2018 - 2019
We propose to comprehensively examine the molecular machinery of biogenesis of extracellular vesicles such as exosomes and microvesicles among different brain cell types (neurons, microglia) in mouse models. Extracellular vesicles are membranous vesicles enclosed by a lipid bilayer and containing the cytosol of their cell of origin. There is a positive correlation between disease progression and neuron-derived exosomal amyloid beta peptide and tau protein in plasma from Alzheimer’s disease and prodromal AD patients. However, little is known about how exactly exosomes package and spread pathogenic tau in which neuronal cell types in the central nervous system. Our preliminary study suggests that two components of the canonical exosomal pathway—the ESCRT (Endosomal Sorting Complexes Required for Transport) pathway—are critical for neuronal exosome synthesis. We hypothesize that cell type-specific targeting of the ESCRT pathway will suppress the spread of tau pathology in the brain. We will create a novel mouse model to examine whether neuron and microglia-specific targeting of ESCRT-0 (Hgs) and ESCRT-1 (Tsg101) will halt tau propagation in vivo.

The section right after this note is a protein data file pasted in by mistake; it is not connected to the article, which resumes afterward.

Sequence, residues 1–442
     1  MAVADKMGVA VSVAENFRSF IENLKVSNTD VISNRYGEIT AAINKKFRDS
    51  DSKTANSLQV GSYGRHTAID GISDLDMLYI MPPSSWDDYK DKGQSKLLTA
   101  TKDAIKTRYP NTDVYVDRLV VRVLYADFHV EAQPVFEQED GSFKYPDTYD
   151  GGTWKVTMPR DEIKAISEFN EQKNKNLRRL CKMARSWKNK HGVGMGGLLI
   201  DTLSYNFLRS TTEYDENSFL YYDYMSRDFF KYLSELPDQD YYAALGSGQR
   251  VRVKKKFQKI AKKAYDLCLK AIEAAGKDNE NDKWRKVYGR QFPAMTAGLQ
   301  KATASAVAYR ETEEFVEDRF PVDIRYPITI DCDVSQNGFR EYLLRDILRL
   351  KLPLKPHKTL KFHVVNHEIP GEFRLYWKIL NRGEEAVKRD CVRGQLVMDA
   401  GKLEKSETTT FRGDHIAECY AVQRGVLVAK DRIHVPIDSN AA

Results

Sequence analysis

The project’s first efforts will test whether microglia and neuron-specific silencing of the ESCRT-0 or ESCRT-1 gene suppresses the spread of tau pathology in the mouse brain. Hgs and Tsg101 will be targeted specifically by Cre-mediated gene disruption in vivo.
The second efforts will evaluate the effect of cell type-specific suppression of ESCRT-0 and ESCRT-1 on exosome synthesis using human-induced pluripotent stem cell-derived neurons and microglia on the spread of tau in vitro.
The newly gained mechanistic and functional knowledge of exosomal pathways that may contribute to AD pathogenesis can help on the road to a cure.